# Nernst Equation

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== References & Notes
== == References & Notes
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+ == External Links  == == External Links  == *[http://www.nernstgoldman.physiology.arizona.edu/ The Nernst/Goldman Equation Simulator] *[http://www.nernstgoldman.physiology.arizona.edu/ The Nernst/Goldman Equation Simulator]

## Revision as of 15:07, 15 November 2010

Nernst Equation is an equation used to calculate the electrical potential of a chemical reaction. In its equilibrium state, the Nernst equation should be zero. It also shows the direct relation between energy or potential of a cell and its participating ions. The equation is proposed by a German chemist, Walther H. Nernst (1864-1941).[1]

## Equation

Nernst equation can be expressed as follows:

where

Ecell is the half-cell potential difference

Eθcell is the standard half-cell potential

R is the universal gas constant; R = 8.314471 J K-1 mol-1

T is the thermodynamics temperature, in Kelvin; 0 K = -273.15oC

z is the number of moles of electrons transferred between cells (defined by the valency of ions)

F is the Faraday's constant; F = 96,485.3415 C mol-1

[red] is the concentration of ion that gained electrons (reduction)

[oxi] is the concentration of ion that lost electrons (oxidation)

## Membrane potential

Main article: Membrane potential

Nernst equation is also can be used to calculate the potential of an ion across the membrane. For potential difference of a membrane, we can manipulate the Nernst Equation as follows:

or

where

Em is the potential difference of an ion between membranes

R is the universal gas constant; R = 8.314471 J mol-1

T is the thermodynamics temperature, in Kelvin; 0 K = -273.15oC

z is the number of moles of electrons transferred between membranes (defined by the valency of ion)

F is the Faraday's constant; F = 96,485.3415 C mol-1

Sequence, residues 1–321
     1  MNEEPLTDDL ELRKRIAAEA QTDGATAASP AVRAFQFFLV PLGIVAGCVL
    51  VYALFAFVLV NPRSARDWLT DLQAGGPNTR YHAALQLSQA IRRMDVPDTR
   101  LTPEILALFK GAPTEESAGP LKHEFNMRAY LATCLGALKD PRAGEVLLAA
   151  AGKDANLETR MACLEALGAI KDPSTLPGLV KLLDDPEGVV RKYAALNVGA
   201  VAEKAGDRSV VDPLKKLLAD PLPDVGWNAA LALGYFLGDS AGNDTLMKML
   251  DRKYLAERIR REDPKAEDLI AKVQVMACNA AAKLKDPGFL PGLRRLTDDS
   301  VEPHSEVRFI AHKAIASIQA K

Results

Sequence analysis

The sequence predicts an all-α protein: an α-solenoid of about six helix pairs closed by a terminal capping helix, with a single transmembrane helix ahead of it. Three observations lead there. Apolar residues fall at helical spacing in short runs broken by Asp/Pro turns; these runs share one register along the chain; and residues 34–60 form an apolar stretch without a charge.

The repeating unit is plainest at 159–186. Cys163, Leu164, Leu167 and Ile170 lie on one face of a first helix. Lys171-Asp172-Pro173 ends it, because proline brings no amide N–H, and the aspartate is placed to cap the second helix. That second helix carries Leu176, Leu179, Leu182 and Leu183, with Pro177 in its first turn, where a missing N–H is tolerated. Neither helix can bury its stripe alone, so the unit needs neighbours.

[A-] is the concentration of ion outside the membrane (in this case is anion, negative charge ion)

[A-] is the concentration of ion inside the membrane (in this case is anion, negative charge ion)

## Application

### Ussing study of frog skin

In biochemistry, Nernst equation can be used to calculate the potential difference of ion between membranes. Hans H. Ussing, a Danish scientist, used a frog skin to measure the potential difference of sodium and potassium ions across the membranes with his famous invention, the Ussing chamber.

[2]Ussing model of transepithelial ions absorption.

For example at the standard condition and temperature of 25oC (298K), the above sodium ion membrane potential can be calculated as:

### Goldman equation

Main article: Goldman equation

In presence of more than one ion, the Nernst equation can be modified into Hodgkin-Katz-Goldman equation or is commonly known as Goldman equation. Goldman equation is proposed by David E. Goldman of Columbia University together with Alan L. Hodgkin and Bernard Katz.

## References & Notes

1. http://nobelprize.org/nobel_prizes/chemistry/laureates/1920/nernst-bio.html, The Nobel Prize in Chemistry 1920; Walther Nernst
2. Diagram based on CMB2003: Cell and Membrane Transport lecture note (2010).